@Beany - I don't think the famous violinist argument is a good one. Personally I would sacrifice 9 months of my life to save him/her, but only assuming that he enjoyed his life/wanted to live. Without knowing the person or without contact with his or her family, that may be difficult to ascertain but, given the fact that he's become really good at something, and procured some fame for it, it's probably not too much of a stretch to assume that he wants to live.One direction is the violinist thought experiment: http://en.wikipedia.org/wiki/Violini..._experiment%29
I never argued against a baby that was going to be brought up in a good, well-educated environment with a good family. Of course I support that.
Let's change the story a bit. What if instead of being hooked up to a famous violinist for 9 months, you're instead hooked up to a notorious drug dealer or child rapist? Or, to even tone down the extremes, a homeless man or a depressed person on all kinds of medications?
For many of these children, this IS the future of their lives. Would you still want to sacrifice 9 months of your time to save them? Most people would probably say no. I certainly wouldn't do it. That's basically what my argument boils down to.
I've never understood the "woman's choice" argument. It's just as much the man's baby as the woman's. He was just as complicit in the act of conceiving the child, therefore I don't see why it's any less of his say whether it lives or dies - unless it's going to cause some serious health complications for the woman.But I do think it should be the woman's choice in recognition that the decision can be difficult. Who is anyone else to usurp that choice and her rights. "But what about the rights of the baby!" they will cry. They rights of an individual matter so long as they don't infringe on another's. If the baby wants to take away the rights of its mother and then demand, vicariously, that its right to life be respected - fine. Only so long as it can live without hijacking another's body. The action is ethically permissible, in my view. Is it something people should do? Hard to say (and obviously context dependent).
Last edited by Hat_Truck; 07-25-2012 at 02:47 PM.
To say that a behavior is self-destructive I think you'd have to prove that the causation behind that behavior has the intent (consciously or unconsciously) of being self-destructive - which is to say, the person is knowingly diminishing their quality and quantity of life and admits the costs outweigh the benefits, on some level. That's no easy thing to prove and it's not universally applicable. Trying to do a qualitative and quantitative comparison is hard to do because large amounts of subjectivity are at work. It's always going to depend on the context and on the person. I think it's foolish to say that smoking is always self-destructive.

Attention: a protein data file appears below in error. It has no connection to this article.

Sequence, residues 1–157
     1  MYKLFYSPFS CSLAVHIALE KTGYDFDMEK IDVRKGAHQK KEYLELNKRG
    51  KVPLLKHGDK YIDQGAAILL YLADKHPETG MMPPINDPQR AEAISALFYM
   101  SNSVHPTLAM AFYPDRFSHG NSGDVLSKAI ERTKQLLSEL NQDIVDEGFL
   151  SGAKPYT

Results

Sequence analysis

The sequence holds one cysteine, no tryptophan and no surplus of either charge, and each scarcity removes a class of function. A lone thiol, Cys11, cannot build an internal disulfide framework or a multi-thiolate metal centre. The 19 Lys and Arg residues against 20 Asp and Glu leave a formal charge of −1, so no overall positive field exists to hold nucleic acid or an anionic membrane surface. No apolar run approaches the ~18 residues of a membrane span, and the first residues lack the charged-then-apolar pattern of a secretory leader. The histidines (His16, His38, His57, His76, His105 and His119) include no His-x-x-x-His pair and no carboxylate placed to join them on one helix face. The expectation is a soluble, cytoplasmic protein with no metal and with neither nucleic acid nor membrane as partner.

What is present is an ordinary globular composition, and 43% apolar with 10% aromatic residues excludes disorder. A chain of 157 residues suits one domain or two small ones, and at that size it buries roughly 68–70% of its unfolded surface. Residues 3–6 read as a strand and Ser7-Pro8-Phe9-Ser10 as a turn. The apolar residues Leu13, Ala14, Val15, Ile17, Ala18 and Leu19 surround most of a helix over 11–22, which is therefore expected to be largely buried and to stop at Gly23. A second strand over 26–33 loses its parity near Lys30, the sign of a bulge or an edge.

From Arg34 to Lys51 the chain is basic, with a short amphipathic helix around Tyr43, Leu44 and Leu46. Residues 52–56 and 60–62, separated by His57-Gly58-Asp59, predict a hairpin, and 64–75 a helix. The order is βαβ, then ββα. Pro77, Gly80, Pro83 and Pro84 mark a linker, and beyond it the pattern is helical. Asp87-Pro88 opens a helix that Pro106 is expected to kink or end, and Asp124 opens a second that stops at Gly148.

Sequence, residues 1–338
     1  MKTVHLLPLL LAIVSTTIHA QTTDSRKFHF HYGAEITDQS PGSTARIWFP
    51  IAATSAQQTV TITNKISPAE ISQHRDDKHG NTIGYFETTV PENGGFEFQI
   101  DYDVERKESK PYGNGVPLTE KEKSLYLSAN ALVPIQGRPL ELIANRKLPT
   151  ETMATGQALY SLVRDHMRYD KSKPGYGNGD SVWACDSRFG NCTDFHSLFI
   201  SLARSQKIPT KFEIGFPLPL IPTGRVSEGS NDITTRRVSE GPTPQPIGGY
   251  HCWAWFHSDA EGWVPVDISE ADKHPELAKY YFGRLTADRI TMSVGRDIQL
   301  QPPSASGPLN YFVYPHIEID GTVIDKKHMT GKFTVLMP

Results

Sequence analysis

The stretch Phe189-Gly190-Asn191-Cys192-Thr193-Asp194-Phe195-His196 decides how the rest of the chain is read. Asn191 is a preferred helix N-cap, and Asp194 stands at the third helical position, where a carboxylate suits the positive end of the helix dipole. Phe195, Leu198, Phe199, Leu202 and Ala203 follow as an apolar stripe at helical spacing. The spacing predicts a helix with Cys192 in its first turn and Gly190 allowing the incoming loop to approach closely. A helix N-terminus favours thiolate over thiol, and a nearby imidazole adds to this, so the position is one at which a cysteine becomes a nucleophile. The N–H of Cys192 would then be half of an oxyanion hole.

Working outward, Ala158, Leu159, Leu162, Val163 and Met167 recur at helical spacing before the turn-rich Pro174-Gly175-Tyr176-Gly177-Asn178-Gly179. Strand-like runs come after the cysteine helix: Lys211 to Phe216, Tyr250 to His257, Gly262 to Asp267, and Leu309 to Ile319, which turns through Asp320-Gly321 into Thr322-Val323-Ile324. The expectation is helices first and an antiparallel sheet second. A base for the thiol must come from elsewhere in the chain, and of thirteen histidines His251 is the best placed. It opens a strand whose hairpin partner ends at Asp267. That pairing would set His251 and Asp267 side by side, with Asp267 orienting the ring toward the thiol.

If you accept the violinist argument, then you must accept the conclusion - no one has the right to control the body of the woman (sans herself). If the woman were in a good relationship and wanted to be fair, she would discuss the situation with the father. But, ultimately, it's her choice because it is her body. If she chooses to let the fetus use her body to develop, then good for her. But no one can tell her what to do with her body besides her, that's the purpose of a right.
I've offered solutions that would help accommodate fathers since they don't get to choose by also relieving them of responsibility. For some reason, this change hasn't been implemented legally, but it should. Fathers may wish to have responsibility, but the unfortunate biological circumstances make that impossible.
Also, Libra is really strange. His (her? okay, his) CAI doesn't ever match up to his posts.
Actually I think I did which is why you're getting so defensive. I've already dealt with the fact that the people who I care about that smoke are trying to kill themselves on some level, so it doesn't bother me anymore. I can't make them want to live more so there's no reason to feel sorry for them.Someone you care about also smokes, so I also hit the hot spot. See what I did there? Actually I didn't do ****, neither did you.
Who said I like or dislike smoking? Once again you're turning this into a personal attack. I said stastically speaking it's very bad for you and even lowers the quality of your life (gives you all kinds of health problems). I dislike smoking in the same way I dislike guns - guns never killed anybody, neither did cigarettes, people kill themselves - so I have no hatred for an inanimate object like you seem to be suggesting.Just because you dislike smoking doesn't mean everyone on them is trying to kill themselves. Live and let live, or die whatever.
I never said all smokers are bad they ruin everything lol, where is this coming from?^ read that. What other people do does not concern you, and if you are a real pansy about smoking you'd stay clear of it. I don't get this "All smokers are bad they ruin everything blablabla"
Okay you're a smoker and I hurt your feelings. I apologize.The biggest whiners are those who smoked and quit.
Like I said earlier you know nothing about self-destruction...
For all intents and purposes this is basically the point I was trying convey to begin with. If your life is so miserable that you have to do something dangerous and unhealthy just to cope, you probably aren't that happy. In this scenario, I would think the parents/society have failed this person, and I would have supported abortion.Stastically, smoking lowers your years and lowers the quality of those years towards the end.. but you can't just discard the positive qualities associated with nicotine if you're going into a quality of life discussion. Nicotine feels good, takes off the edge from stress, and gives you a buzz. For some, that is the only thing that makes life bearable.
Of course you can never know these things in advance, but statistically speaking, you can have a very good idea.